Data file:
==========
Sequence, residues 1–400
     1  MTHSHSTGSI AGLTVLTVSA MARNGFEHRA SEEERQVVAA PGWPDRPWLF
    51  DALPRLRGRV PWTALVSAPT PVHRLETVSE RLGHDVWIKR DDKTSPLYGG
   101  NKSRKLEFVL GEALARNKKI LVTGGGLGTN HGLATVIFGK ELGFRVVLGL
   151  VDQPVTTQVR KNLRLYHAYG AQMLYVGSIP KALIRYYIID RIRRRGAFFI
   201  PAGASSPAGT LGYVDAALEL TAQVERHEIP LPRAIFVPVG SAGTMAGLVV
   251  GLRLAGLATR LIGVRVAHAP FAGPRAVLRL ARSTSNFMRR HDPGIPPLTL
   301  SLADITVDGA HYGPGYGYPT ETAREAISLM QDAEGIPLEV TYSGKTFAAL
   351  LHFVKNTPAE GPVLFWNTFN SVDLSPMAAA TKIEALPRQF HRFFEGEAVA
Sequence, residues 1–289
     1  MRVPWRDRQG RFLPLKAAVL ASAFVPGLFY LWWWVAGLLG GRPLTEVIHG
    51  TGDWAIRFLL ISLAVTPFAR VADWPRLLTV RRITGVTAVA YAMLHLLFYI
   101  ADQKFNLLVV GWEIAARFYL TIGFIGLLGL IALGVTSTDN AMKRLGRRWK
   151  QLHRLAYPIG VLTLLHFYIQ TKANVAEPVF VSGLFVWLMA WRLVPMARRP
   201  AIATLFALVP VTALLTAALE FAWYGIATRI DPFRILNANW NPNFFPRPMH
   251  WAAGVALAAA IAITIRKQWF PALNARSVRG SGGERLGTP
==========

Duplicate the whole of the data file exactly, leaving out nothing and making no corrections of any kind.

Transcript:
Sequence, residues 1–400
     1  MTHSHSTGSI AGLTVLTVSA MARNGFEHRA SEEERQVVAA PGWPDRPWLF
    51  DALPRLRGRV PWTALVSAPT PVHRLETVSE RLGHDVWIKR DDKTSPLYGG
   101  NKSRKLEFVL GEALARNKKI LVTGGGLGTN HGLATVIFGK ELGFRVVLGL
   151  VDQPVTTQVR KNLRLYHAYG AQMLYVGSIP KALIRYYIID RIRRRGAFFI
   201  PAGASSPAGT LGYVDAALEL TAQVERHEIP LPRAIFVPVG SAGTMAGLVV
   251  GLRLAGLATR LIGVRVAHAP FAGPRAVLRL ARSTSNFMRR HDPGIPPLTL
   301  SLADITVDGA HYGPGYGYPT ETAREAISLM QDAEGIPLEV TYSGKTFAAL
   351  LHFVKNTPAE GPVLFWNTFN SVDLSPMAAA TKIEALPRQF HRFFEGEAVA
Sequence, residues 1–289
     1  MRVPWRDRQG RFLPLKAAVL ASAFVPGLFY LWWWVAGLLG GRPLTEVIHG
    51  TGDWAIRFLL ISLAVTPFAR VADWPRLLTV RRITGVTAVA YAMLHLLFYI
   101  ADQKFNLLVV GWEIAARFYL TIGFIGLLGL IALGVTSTDN AMKRLGRRWK
   151  QLHRLAYPIG VLTLLHFYIQ TKANVAEPVF VSGLFVWLMA WRLVPMARRP
   201  AIATLFALVP VTALLTAALE FAWYGIATRI DPFRILNANW NPNFFPRPMH
   251  WAAGVALAAA IAITIRKQWF PALNARSVRG SGGERLGTP